Peer gave Pop copies of the Powers’ records and a portable phonograph which Pop took back to the Camden Hotel in Camden, H.J. After listening a short while, Pop realized that they would need a banjo player for these sides. He sent home for his wife’s brother, fifteen-year-old Bolen Frost, and had him placed in the railroad conductor’s care. However, Bolen forgot to bring his banjo, and Peer had to borrow a vl50 Keystone Special banjo for him. Pop noticed that it had gut strings, so he had to go downtown to buy steel strings for it.

After recording for Edsion in 1926, the band went to a bank in New York to cash their check. They carried their instruments into the bank with them along with their luggage, and Pop went up to the teller while the rest of the members waited. At this moment, the police walked up to them and demanded identification. When the police realized that they were really musicians, they explained that they had been suspicious because, earlier in the week, a nearby bank had been robbed by a gang that carried their firearms in instrument cases.

Ernest Stoneman (#2)

May 9, 2012

Unsung Father of Country Music: Ernest V. Stoneman,” 2-CD Box Set; 44 Page full-color booklet,  5-String Productions (5SPH001)

By David Cantwell

One of 2008’s best country reissues, maybe even the best, is Ernest V. Stoneman: The Unsung Father Of Country Music, 1925-1934. The 46-track collection is smartly packaged, including a small hard-bound book with lots of photos. But it’s the savvy selection of some too-long-unavailable early sides of Ernest “Pops” Stoneman that excites. There’s his first recording and biggest hit, “The Titanic”; duets with his daughter; fuller string-band arrangements with the Dixie Mountaineers; short comic plays such as “Old Time Corn Shuckin’, Parts 1 and 2″; and even two versions (cut six years apart) of Stoneman’s “All I’ve Got’s Gone”, which remains among country music’s great poverty songs – and one of its catchiest tunes, too.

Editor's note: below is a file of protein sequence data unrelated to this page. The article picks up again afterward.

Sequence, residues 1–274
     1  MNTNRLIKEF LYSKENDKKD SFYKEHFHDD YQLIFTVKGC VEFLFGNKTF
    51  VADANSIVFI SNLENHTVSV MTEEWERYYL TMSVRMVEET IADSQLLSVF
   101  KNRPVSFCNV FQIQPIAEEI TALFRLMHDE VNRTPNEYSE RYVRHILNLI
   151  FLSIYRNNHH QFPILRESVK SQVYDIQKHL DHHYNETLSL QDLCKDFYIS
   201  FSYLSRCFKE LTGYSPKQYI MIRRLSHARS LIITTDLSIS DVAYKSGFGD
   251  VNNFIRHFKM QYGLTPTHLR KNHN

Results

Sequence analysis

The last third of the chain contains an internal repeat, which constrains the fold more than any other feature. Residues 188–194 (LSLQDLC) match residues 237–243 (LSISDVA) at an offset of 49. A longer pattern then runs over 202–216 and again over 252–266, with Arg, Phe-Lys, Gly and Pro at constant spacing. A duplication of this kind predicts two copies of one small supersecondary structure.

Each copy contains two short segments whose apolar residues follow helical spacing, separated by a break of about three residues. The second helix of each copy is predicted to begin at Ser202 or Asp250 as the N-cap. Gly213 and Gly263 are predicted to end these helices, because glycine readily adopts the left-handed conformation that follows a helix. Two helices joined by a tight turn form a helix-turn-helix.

This is truly an essential, not to mention long overdue, collection. There is, however, the matter of that title. Not “An Unsung Father of Country Music” but “The Unsung Father” – a choice of article clearly intended to not so subtly dispute the long-since-established paternity rights of one Jimmie Rodgers.

The cover’s bold claim is fleshed out in a liner-notes essay by Henry Sapoznik (the man behind that amazing and essential You Ain’t Talkin’ To Me: Charlie Poole And The Roots Of Country Music set from a few years back). Sapoznik argues that it was only pioneering record producer Ralph Peer’s “post-mortem marketing of Rodgers that firmly established the Singing Brakeman as the putative Father of Country Music” and that “Peer crafted Rodgers’ legend…while having eschewed Stoneman’s, whose recorded output dwarfed Rodgers.” In other words, if Ralph Peer had chosen to mythologize Stoneman rather than Rodgers, or if he’d just let history take its un-manipulated course, then we would likely be hailing “Pops” as the father of the music, not Jimmie.

This is needless overreaching. It is well past high-time that fans and historians paid attention to Ernest Stoneman, and Sapoznik is to be commended for his efforts on Stoneman’s behalf. But to press the case for Stoneman by insisting upon a diminution of Jimmie Rodgers is merely to redress one injustice by perpetrating another.

No musical genre (not even bluegrass) can have a lone inventor. That caveat made, there are good reasons why Rodgers is considered the Father of Country Music and why Stoneman is not. The title of Father here has nothing to do with who came first, of course. If that were the case, we’d be calling John Carson daddy, or Eck Robertson, or, for that matter, Vernon Dalhart (if only we acknowledged the pop essence of even the earliest commercial country music). (more…)

Ernest Stoneman #1

December 15, 2011

The Stonemans is an eye-opening slice of Americana—a trip through nearly twenty years of country music history following a single family from their native Blue Ridge Mountains to the slums of Washington, D.C., and the glitter of Nashville. As early as 1924 Ernest V. “Pop” Stoneman realized the potential of what is now known as country music, and he tried to carve a career from it. Successful as a recording artist from 1925 through 1929, Stoneman foundered during the Great Depression. He, his wife, and their nine children went to Washington in 1932, struggling through a decade of hardship and working to revive the musical career Pop still believed in. (from

Book available here.

Ernest Stoneman was the King.  Here is “The Pretty Mohea,” a two hour Hollywood epic distilled to  3:31.